Creating Jenkins pipelines with Ansible, part 2

The job-dsl and Pipeline plugins

This is a continuation of the previous post. For each project there are only two things we want to do.

  • Check out the source code.
  • Run the pipeline in the Jenkinsfile at the root of the repository.

This can be accomplished with the job-dsl plugin. It takes a definition of Jenkins jobs we want, and creates or updates them, as necessary. Somewhat confusingly, job-dsl itself needs to be run from a Jenkins job, known as a seed job.

The only reason for this job to exist is so that job-dsl can run, and every other job should be created with job-dsl. Yes, it is a bit mind bending, but if you don't think of it as a job but as a script which you run from Jenkins it gets easier.

In our case, every other job will look the same. They'll all be Pipeline jobs which run a Jenkinsfile after checking out a git repository from the same git host.

{% for repository in jenkins_git_repositories %}
pipelineJob('{{ repository }}') {
  definition {
    cpsScm {
      scm {
        git {
          remote {
            url('{{ jenkins_git_user }}@{{ jenkins_git_host }}:' +
                '{{ jenkins_git_path }}/{{ repository }}.git')
{% endfor %}

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Creating Jenkins pipelines with Ansible, part 1


Infrastructure as code, continuous integration (CI), continuous delivery (CD), and version control (also known as source control management, or SCM) are good things. In this post and the next we'll automate the deployment of a system to do CI/CD in what I consider a proper way, where the definition of your build and deployment pipelines live alongside your code in git repositories on some server you have SSH access to.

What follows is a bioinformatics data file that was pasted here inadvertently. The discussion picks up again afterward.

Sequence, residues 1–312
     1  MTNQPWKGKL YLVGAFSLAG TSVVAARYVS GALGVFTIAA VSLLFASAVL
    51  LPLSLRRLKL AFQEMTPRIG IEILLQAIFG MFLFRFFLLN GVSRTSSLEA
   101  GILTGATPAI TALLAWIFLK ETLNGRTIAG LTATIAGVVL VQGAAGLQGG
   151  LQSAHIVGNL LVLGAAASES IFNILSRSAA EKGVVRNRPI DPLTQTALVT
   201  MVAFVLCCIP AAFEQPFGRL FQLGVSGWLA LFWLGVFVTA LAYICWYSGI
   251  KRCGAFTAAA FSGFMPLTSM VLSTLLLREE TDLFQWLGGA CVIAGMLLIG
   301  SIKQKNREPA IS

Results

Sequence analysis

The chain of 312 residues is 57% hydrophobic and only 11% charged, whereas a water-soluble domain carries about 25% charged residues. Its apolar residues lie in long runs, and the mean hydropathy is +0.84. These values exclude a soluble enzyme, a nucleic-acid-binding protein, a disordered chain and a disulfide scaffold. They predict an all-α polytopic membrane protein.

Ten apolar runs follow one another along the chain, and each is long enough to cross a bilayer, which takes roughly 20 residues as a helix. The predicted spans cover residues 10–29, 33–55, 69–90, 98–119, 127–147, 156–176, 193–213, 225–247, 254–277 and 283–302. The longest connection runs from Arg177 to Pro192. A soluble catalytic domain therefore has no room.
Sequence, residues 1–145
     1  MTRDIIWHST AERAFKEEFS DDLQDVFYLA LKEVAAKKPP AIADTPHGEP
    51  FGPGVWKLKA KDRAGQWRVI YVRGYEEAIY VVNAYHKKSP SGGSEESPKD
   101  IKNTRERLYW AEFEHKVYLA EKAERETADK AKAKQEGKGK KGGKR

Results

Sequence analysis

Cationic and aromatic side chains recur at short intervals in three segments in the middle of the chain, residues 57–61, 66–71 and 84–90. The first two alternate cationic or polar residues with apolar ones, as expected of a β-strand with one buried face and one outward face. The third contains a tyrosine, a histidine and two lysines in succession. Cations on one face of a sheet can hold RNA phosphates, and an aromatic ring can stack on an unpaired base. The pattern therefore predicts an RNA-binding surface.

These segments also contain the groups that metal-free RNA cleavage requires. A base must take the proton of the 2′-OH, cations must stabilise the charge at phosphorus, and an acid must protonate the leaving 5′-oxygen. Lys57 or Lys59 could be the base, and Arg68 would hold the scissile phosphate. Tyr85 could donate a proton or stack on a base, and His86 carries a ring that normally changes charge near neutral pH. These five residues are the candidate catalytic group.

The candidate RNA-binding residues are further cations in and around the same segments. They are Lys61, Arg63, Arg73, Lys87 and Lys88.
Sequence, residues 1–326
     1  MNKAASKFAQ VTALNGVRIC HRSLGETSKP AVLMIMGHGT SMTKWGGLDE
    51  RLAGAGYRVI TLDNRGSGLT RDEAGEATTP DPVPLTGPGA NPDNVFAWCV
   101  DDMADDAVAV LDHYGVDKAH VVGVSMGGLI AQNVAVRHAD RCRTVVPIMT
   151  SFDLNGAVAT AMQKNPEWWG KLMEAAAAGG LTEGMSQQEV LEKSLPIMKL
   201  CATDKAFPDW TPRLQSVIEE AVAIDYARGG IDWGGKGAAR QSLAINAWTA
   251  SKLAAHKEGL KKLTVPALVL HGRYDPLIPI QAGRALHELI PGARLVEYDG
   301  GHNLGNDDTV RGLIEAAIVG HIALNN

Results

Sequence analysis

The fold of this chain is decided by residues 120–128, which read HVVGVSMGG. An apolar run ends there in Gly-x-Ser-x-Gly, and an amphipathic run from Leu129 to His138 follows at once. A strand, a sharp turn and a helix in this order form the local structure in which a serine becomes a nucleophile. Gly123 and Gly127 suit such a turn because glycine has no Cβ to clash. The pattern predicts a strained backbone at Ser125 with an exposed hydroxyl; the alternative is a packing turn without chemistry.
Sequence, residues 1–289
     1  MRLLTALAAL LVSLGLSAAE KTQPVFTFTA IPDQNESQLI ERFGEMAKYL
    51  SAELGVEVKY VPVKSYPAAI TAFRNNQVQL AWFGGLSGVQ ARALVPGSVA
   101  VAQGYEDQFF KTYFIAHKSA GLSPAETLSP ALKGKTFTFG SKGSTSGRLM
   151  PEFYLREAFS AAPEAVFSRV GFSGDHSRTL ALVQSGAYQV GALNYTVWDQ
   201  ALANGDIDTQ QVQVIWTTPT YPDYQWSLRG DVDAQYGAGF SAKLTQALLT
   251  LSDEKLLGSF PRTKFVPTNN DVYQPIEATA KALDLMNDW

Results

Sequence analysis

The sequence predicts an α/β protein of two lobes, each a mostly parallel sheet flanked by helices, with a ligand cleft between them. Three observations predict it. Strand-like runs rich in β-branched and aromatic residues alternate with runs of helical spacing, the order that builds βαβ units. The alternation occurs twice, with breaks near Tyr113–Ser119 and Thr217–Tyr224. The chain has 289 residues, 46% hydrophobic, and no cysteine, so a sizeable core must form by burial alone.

We'll use Jenkins for CI/CD and Ansible to install it. Jenkins has been around for more than a decade, created before anyone had ever uttered the word "devops". Since it's old, Jenkins has a lot of features, most of them provided as plugins. The core itself isn't bad, and is stable and relatively free from bugs because it has been in use by a lot of people for such a long time. All those years have created a graveyard of plugins, though, yet some plugins are essential if you want to use Jenkins "properly". Want a timestamp for your builds? There's a plugin for that. Actually, there's more than one plugin for that.

Jenkins comes from a time when people thought it was great to have easy to use web interfaces to configure their build systems. The web interface gets in the way of infrastructure as code, where configuration is version controlled and changed by editing text files, not by clicking buttons.

Pipeline is a "new" feature of Jenkins 2.0, but it is based on a plugin which used to be known as Workflow. Using Pipeline we can describe how to test, build and deploy our project using text. That description is typically saved in a file named Jenkinsfile. We'll also use the job-dsl plugin to create the Pipeline jobs, but everything else will be done with shell scripts and kept as simple as possible.

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